'''Yankton''' is a city in, and the county seat of, Yankton County (Yankton County, South Dakota), South Dakota, United States. The population was 14,454 at the 2010 census (2010 United States Census). Yankton is the principal city of the Yankton Micropolitan Statistical Area (List of Micropolitan Statistical Areas), which includes the entirety of Yankton County, and which had an estimated population of 22,696 as of 2013.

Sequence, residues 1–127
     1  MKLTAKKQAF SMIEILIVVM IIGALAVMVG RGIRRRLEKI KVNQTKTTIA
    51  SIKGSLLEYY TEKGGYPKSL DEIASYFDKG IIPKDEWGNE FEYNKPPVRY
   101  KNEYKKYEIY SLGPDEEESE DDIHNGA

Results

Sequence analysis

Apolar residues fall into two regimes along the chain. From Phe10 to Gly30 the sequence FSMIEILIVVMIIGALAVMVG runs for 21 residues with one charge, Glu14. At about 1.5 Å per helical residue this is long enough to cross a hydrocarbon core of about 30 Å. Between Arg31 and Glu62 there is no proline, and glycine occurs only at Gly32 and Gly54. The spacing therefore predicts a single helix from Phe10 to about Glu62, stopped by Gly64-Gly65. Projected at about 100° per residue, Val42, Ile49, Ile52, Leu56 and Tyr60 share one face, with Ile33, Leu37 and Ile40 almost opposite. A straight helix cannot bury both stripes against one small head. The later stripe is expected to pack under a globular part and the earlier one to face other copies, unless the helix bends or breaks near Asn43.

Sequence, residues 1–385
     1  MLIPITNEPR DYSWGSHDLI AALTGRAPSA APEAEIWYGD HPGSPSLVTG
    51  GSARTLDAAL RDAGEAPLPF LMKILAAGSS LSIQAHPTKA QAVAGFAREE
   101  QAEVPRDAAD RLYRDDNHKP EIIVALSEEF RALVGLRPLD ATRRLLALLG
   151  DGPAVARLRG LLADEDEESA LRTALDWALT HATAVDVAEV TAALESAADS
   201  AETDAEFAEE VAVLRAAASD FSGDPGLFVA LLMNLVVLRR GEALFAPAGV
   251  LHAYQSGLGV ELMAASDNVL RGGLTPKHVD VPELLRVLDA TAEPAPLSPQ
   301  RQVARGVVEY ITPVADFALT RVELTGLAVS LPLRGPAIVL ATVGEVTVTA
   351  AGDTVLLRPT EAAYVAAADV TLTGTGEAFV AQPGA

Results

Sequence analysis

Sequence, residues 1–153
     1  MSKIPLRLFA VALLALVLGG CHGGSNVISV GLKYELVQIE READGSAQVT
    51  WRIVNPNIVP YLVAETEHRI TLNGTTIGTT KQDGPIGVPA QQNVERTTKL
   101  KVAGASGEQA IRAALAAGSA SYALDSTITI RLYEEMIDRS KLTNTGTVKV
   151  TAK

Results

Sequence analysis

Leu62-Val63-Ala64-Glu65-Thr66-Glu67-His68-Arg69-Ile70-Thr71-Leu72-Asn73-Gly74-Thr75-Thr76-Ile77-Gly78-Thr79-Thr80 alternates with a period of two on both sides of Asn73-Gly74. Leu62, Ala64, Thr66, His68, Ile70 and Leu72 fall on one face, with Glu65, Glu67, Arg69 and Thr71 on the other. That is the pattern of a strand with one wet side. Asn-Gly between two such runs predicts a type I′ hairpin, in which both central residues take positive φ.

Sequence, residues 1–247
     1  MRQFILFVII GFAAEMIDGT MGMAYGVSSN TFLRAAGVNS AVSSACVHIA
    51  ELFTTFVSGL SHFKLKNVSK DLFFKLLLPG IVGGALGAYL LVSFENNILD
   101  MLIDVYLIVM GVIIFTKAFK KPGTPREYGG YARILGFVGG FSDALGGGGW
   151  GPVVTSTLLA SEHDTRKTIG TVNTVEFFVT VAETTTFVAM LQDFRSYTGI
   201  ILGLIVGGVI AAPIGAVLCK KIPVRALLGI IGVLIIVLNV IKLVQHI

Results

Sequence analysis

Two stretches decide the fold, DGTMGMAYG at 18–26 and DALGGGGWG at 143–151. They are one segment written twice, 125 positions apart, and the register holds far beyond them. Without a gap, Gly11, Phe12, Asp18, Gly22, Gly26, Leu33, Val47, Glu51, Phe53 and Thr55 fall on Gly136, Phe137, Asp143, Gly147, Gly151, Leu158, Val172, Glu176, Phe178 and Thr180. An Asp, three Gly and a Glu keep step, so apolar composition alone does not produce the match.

Yankton was the first capital of Dakota Territory. It is named for the Yankton (Sioux) tribe of Nakota (Sioux) (Sioux) Native Americans (Native Americans in the United States); Yankton is derived from the Nakota word ''I-hank-ton-wan'' ("the end village"). Riggs, S.R., The Reverend (1852) - ''Smithsonian Contributions to Knowledge: Grammar and Dictionary of the Dakota Language'' – Smithsonian Institution G.P. Putnam, New York, N.Y. pp. 297, 336. Yankton is located on the Missouri River just downstream of the Gavins Point Dam and Lewis and Clark Lake and just upstream of the confluence with the James River (James River (Dakotas)). The United State National Park Service's headquarters for the Missouri National Recreational River are located in the city. The Human Services Center was established as a psychiatric hospital in 1882 and is on the National Register of Historic Places. Yankton is commonly referred to as the "River City", due to its proximity to the Missouri River and the importance that the river played in the city's settlement and development. Yankton has also earned the nickname, "Mother City of the Dakotas", due to the early important role it played in the creation and development of the Dakota Territory, which later became the 39th and 40th U.S. states of North and South Dakota, respectively. South Dakota Senate Action, 2011